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Avoiding Offer Rejection

by Jun 7, 2013, 6:34 am ET

Enough years in the recruiting business and enough missed placement opportunities by mishandling the offer scenario has taught me to be patient making job offers.

In a tight market for talent, companies want to move top candidates through the hiring process quickly and try to lock the candidate down before competitors do. But first in this race is often times a losing position, as candidates use a hybrid practical/emotional decision-making process when selecting a new job opportunity.

Psychology plays a major factor when it comes to choosing a job, and we as recruiters need to first be aware of it, understand it, then master it to achieve high closing rates on the most promising candidates. We can start down this path by exploring the different job seeker profiles we as recruiters come across.

Job Seeker Profiles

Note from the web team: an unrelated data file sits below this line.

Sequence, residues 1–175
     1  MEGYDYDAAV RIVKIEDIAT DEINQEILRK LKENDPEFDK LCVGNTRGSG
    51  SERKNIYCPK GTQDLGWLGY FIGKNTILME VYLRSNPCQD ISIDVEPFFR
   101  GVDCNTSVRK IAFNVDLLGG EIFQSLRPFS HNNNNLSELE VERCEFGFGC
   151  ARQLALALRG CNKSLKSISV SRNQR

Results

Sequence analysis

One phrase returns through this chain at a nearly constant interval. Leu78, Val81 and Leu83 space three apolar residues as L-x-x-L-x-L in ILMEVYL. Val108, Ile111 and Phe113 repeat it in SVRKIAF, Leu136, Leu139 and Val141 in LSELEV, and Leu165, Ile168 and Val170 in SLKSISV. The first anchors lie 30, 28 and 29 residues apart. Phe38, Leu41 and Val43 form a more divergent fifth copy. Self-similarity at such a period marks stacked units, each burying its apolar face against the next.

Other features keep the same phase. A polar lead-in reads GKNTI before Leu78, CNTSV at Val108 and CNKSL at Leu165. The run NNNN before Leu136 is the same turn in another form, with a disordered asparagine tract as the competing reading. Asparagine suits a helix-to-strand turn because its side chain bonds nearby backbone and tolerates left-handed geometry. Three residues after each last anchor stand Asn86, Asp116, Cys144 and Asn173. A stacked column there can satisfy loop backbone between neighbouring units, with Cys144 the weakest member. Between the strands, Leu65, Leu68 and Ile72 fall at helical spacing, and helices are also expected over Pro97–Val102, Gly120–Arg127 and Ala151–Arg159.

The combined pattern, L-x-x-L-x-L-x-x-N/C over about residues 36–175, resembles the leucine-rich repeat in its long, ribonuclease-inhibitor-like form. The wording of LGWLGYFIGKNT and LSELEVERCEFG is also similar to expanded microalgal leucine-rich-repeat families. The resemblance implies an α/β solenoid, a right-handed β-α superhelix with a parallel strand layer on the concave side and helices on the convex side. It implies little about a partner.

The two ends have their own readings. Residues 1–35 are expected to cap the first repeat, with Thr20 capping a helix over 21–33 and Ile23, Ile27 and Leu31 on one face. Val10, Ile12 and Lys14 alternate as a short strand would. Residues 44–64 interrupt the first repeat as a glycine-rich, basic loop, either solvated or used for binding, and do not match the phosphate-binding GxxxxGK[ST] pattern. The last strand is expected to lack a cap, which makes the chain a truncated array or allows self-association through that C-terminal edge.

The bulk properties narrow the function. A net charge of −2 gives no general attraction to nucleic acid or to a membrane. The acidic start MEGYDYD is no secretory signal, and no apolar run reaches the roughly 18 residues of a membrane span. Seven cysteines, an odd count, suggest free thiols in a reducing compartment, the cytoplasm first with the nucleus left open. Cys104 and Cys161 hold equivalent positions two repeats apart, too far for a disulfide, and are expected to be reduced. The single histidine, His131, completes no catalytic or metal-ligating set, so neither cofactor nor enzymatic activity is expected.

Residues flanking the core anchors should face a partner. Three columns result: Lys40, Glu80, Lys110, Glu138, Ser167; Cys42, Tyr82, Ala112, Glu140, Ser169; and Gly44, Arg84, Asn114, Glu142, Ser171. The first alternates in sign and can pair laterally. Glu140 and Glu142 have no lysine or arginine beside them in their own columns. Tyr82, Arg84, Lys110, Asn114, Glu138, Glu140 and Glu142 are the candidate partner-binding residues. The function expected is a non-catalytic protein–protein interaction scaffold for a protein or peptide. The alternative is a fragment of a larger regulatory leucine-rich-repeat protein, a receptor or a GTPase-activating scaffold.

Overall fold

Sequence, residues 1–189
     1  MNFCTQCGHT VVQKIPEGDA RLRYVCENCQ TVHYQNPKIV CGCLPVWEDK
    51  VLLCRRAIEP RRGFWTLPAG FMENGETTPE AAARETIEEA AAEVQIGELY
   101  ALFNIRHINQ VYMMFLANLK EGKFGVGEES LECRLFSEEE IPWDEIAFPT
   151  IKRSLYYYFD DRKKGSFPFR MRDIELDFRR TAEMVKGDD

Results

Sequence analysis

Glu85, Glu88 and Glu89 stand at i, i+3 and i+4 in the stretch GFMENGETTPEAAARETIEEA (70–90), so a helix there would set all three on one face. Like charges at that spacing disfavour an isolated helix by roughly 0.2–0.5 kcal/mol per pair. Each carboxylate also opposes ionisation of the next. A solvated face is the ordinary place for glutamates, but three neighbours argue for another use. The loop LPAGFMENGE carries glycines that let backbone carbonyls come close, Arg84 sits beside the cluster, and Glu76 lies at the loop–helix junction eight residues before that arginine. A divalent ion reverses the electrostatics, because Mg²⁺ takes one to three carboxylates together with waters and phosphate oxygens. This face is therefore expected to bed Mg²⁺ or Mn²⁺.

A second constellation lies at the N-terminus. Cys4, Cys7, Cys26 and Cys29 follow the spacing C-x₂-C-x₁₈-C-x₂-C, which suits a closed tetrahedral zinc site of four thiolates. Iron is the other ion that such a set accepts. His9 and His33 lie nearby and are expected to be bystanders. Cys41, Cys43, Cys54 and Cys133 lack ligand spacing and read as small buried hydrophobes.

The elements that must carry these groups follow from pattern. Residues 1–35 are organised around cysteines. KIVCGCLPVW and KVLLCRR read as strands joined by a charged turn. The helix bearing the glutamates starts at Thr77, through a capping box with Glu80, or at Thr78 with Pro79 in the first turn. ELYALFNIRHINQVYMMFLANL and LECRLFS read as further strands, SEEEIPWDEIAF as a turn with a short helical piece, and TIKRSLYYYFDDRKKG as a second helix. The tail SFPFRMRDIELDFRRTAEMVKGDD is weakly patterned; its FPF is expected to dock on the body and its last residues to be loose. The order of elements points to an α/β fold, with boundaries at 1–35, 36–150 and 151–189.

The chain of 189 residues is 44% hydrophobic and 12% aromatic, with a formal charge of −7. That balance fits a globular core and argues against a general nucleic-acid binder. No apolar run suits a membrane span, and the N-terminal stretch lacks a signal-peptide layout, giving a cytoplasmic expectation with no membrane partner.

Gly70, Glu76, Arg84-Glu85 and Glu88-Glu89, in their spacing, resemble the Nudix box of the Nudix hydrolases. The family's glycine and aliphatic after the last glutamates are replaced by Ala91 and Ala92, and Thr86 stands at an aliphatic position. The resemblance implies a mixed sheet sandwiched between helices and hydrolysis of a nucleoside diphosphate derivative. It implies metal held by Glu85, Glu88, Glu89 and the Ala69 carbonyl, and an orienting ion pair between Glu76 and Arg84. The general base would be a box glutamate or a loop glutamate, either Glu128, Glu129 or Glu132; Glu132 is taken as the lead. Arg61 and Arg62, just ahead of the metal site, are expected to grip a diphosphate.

When a job seeker decides to put themselves out there for new opportunities, it’s for one of a few different reasons. Here are the job seeker profiles we see in the market:

  1. Seeking a promotion/better pay at their current company (leverage)
  2. Layoff/out of work
  3. Unhappily employed and seeking a change (most often due to an extenuating circumstance at their current company, usually caused by their relationship with their manager, lack of interesting work, or company culture.)
  4. Relocation

There are certainly other reasons, but these are the most common. The first thing as a recruiter we must do is identify which type of candidate we are dealing with, as each profile will require a slightly different approach to managing the hiring relationship.

For example, Profile 1 candidates are going to play you. They have no intention of leaving their current company even if they tell you they do, and will work through your process just to get the offer that they can take back to their boss to negotiate the promotion/raise. It’s entrapment/blackmail at its finest.